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The entrance to the Seoul Museum of Chicken Art.

The entrance to the Seoul Museum of Chicken Art. (Ashley Rowland / S&S)

The entrance to the Seoul Museum of Chicken Art.

The entrance to the Seoul Museum of Chicken Art. (Ashley Rowland / S&S)

One of two exhibition rooms at the Seoul Museum of Chicken Art.

One of two exhibition rooms at the Seoul Museum of Chicken Art. (Ashley Rowland / S&S)

Brightly-painted chicken and rooster figures once decorated traditional Korean funeral biers.

Brightly-painted chicken and rooster figures once decorated traditional Korean funeral biers. (Ashley Rowland / S&S)

Figures like this one that once decorated a Korean funeral bier are among the Seoul Museum of Chicken Art's most valuable items.

Figures like this one that once decorated a Korean funeral bier are among the Seoul Museum of Chicken Art's most valuable items. (Ashley Rowland / S&S)

In South Korea, chickens are most likely to make an appearance on your dinner table — maybe in a ginseng-soaked stew, or fried and ready to be washed down by beer or soju at a bar.

But 69-year-old Kim Cho-Kang believes chickens are more than tasty grub. And she wants to make sure the rest of Korea feels the same.

"The stereotype of the chicken needs to be broken," she said. "It can be art."

Kim, a retired education professor from Seoul’s prestigious Ewha Womans University, is the unlikely creator and director of what may be Seoul’s quirkiest art gallery: The Seoul Museum of Chicken Art.

Yes, this is a real museum, and it even looks like one. Located on the outskirts of the chic Samcheongdong district — best known for its art galleries and upscale restaurants — Kim’s collection is housed in a modern brick building with rooms the size of a chicken coop.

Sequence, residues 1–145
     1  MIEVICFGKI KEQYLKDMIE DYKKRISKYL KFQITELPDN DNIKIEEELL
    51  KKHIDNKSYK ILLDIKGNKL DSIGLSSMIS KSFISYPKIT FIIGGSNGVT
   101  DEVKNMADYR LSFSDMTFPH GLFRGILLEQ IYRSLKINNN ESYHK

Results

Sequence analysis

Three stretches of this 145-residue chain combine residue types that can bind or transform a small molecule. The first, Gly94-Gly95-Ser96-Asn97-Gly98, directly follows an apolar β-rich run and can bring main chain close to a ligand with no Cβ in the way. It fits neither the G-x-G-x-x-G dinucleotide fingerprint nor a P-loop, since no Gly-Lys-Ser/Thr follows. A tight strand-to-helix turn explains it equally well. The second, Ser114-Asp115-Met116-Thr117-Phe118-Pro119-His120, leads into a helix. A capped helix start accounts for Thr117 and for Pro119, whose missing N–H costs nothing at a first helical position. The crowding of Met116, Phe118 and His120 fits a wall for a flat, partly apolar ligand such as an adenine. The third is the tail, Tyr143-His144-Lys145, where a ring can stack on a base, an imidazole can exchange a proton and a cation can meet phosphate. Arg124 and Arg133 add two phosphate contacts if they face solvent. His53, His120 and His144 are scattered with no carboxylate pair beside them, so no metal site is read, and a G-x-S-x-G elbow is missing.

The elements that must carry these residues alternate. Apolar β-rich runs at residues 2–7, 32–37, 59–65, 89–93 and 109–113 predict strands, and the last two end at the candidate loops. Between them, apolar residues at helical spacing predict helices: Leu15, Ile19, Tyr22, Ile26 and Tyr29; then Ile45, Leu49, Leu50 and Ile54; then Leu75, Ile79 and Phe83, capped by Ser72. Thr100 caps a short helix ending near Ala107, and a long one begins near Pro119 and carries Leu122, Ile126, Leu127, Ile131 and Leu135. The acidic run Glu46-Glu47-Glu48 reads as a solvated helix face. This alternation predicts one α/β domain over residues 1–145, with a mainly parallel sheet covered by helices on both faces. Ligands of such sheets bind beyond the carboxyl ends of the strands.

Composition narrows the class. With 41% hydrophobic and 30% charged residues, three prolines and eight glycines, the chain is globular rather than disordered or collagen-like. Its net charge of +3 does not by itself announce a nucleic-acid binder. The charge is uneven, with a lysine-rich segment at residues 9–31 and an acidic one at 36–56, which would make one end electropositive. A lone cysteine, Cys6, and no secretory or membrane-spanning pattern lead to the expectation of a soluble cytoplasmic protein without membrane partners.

Kim opened the museum in December 2006, a few years after she retired as a welfare and education professor from Ewha. A collector by nature, she never intended to become an expert on poultry art. She just found that chicken figures were among the easiest things to gather.

As her collection grew, so did her appreciation of the fowl. For much of history, roosters have been the first thing people heard when they woke up, she said. In Korea, they were used in weddings as a fertility symbol and at funerals to represent the link between the living and the dead.

"They have been with us in every important point of our lives," said Kim, who doesn’t eat chicken.

Today, she estimates that she owns 3,000 pieces of chicken art, bought over the last 30 years with nearly $1 million of her own money.

Some of her pieces are housed in the museum’s two narrow exhibition rooms. On the top floor, there are dozens of brightly-colored wooden chickens, some hundreds of years old, that once decorated traditional Korean funeral biers.

The bottom floor holds what Americans would describe as "kitsch": salt and pepper shakers, mugs, plates, glass figurines and other chicken-embellished items from around the world.

Kim can also spout out chicken trivia: That Roman soldiers once watched cockfights for motivation, because the roosters bravely fought each other to the death. Or that the chicken almost beat out the eagle to become the symbol of America’s military, but lost by one vote, she said.

The museum averages 10 to 20 visitors on weekdays and 30 to 40 on Saturdays and Sundays. About one-third are foreigners – mostly Canadians, Americans, and the French, whose national bird is the chicken, she notes. Most people come because they’ve heard about it and are curious, Kim said.

"Their normal reaction is, ‘Oh! Amazing and stunning,’" Kim said.

The museum earns some revenue from ticket and souvenir sales, but it costs five or six times that to operate it, Kim said. She pays for the difference herself, and said she runs the museum to give something back to the community, not to make money.

"I hope people see chickens not just as meat," she said. "They are always close to us, and they help us realize the truth of our lives and bring us luck."

Know and GoSeoul Museum of Chicken Art

Location: Kawhoedong, near Seoul’s Insadong and Samcheongdong districts

Hours: 10 a.m. to 6 p.m., closed Mondays and holidays

Admission: 3,000 won for adults, 2,000 won for children

Directions: Take the subway line # 3 to Anguk station. Take Exit 2, transfer to Bus 2 and get off at the Anguk Sunwon stop. Or, walk 10 minutes from the subway exit to the museum by following the signs.


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